This paper is a brief study of some of the key women holding elective office in the United States and an examination of the context in which they were elected. Although women make up more than half the population, they are still dramatically under-represented in elected positions in government at all levels. This is reflective of the long an often bitter struggle that women have fought to gain a political voice. Nevertheless, women have begun to achieve some positions of importance, beginning at the local level, and the women in this review offer differing examples of this raising trend.
The United States Constitution contains no prohibition against the right of women to hold elective office. However, many individual state constitutions quickly rushed in to correct this oversight, limiting office seekers in those states to individuals eligible to vote (Nelson, 1994, p. 542). States in the west were more likely to grant women some political voice; the first woman in America to serve as a member of the state legislature was Martha Hughes Cannon, who was a state senator in Utah in 1896 (Weiser, 1981. P, 365).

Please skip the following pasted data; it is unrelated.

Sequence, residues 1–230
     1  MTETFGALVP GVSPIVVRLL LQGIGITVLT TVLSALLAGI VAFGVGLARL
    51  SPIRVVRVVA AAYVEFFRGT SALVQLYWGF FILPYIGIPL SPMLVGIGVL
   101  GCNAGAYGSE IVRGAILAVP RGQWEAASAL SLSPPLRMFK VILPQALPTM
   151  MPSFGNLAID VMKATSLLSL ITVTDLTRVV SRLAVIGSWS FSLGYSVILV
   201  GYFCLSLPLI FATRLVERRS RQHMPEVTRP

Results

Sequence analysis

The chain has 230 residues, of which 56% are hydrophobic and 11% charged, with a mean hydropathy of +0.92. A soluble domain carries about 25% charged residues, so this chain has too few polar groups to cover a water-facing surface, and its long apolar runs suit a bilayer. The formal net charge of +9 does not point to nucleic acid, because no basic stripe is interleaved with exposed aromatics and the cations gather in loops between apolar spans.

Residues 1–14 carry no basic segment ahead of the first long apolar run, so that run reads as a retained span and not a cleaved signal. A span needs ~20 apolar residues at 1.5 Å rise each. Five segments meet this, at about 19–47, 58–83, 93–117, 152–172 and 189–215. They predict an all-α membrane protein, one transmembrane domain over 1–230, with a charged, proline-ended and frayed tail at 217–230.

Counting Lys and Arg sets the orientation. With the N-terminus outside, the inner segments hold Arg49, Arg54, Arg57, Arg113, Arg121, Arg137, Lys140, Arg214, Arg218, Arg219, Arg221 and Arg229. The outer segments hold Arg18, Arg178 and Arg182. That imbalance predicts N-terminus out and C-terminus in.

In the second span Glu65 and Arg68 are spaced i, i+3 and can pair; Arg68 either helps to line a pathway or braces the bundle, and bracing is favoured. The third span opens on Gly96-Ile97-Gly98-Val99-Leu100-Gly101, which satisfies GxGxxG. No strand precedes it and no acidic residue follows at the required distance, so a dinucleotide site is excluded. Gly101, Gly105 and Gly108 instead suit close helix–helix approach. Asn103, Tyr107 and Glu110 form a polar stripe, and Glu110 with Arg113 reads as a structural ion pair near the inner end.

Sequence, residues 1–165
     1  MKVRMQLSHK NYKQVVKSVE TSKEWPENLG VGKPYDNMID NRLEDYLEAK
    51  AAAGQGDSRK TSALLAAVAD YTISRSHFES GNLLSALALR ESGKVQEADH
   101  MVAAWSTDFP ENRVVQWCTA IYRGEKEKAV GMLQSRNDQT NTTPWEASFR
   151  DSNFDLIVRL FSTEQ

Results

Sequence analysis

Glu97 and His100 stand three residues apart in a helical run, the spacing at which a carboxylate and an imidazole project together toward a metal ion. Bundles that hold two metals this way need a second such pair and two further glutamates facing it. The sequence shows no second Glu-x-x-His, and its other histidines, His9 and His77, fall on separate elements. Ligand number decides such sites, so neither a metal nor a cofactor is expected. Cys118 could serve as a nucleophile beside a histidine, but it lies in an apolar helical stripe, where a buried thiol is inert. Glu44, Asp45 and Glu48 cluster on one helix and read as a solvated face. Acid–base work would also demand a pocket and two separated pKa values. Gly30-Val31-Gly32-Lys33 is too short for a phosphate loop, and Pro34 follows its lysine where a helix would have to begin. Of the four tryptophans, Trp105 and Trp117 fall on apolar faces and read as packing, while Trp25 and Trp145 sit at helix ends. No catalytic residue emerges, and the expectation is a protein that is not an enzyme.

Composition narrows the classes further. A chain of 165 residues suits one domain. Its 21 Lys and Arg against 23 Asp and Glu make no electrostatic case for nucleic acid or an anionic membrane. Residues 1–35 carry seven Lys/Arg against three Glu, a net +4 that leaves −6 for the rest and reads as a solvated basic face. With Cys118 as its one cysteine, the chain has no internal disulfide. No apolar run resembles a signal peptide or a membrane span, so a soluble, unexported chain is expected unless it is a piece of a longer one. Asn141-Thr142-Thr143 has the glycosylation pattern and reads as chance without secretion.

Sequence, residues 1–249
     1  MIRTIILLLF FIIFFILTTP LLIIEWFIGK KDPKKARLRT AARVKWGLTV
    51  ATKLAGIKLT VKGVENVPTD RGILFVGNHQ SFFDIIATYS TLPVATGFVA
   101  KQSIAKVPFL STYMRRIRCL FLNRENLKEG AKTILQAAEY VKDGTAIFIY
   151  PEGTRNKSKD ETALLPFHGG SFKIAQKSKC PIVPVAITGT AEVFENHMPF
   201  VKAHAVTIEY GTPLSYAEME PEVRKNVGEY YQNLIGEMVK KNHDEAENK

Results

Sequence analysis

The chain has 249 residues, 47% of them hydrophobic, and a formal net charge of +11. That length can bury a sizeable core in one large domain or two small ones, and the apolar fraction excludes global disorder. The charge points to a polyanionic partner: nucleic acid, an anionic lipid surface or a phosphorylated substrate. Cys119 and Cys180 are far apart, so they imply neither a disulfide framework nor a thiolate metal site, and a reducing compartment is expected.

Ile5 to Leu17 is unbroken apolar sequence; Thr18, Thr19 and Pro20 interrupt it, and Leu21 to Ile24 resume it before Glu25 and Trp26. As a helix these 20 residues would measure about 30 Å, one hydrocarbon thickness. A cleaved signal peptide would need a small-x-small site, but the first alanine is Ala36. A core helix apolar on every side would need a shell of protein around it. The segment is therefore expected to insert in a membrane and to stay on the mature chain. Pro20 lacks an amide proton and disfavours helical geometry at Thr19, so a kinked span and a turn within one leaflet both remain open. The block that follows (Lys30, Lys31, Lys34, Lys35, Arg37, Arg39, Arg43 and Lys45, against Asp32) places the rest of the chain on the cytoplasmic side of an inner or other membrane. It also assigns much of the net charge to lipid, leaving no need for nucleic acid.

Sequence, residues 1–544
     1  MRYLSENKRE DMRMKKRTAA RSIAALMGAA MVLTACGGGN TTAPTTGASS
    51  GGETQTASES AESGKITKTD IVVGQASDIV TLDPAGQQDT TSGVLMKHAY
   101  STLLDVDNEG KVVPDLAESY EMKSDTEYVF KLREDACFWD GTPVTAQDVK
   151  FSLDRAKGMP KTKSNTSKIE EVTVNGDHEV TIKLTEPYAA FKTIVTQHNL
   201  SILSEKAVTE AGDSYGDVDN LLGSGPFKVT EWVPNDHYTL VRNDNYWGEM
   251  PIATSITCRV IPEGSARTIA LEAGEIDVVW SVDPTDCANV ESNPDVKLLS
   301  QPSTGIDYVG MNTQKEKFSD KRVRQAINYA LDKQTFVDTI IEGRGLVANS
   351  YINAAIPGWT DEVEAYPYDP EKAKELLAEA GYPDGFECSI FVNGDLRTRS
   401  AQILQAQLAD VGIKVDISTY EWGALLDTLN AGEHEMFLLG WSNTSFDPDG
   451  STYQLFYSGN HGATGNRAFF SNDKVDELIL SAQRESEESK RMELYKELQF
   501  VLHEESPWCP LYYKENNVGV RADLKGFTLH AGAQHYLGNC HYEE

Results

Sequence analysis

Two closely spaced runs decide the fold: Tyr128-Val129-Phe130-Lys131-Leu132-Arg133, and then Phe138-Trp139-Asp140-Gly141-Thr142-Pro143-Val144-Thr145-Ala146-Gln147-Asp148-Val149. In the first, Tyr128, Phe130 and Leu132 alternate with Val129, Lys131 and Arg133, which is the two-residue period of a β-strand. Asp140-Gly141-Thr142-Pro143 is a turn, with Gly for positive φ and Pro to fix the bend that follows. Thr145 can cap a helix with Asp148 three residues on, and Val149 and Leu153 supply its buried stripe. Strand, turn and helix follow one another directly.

Yet the majority of women who held office in the United States, even long after women were finally granted to right to vote in 1920, achieved their positions by filling the remainder of their husbandsÆ terms, after the death of their spouses. Hattie Wyatt Caraway was the first woman elected to the Senate, voted into office in 1932 in Arkansas on the strength of her own campaign, though Rebecca Latimer Felton was the first woman to serve as a senator. She was appointed by the governor of Georgia to fill the last two days of a term in 1922 (Weiser, p. 365-370).
The earliest female office holders wee usually elected to local school boards, an area deemed appropriate for women to serve. Eleanor B. Amico writes, ôBecause of an association with the home and family, it is within community politics that women have tra...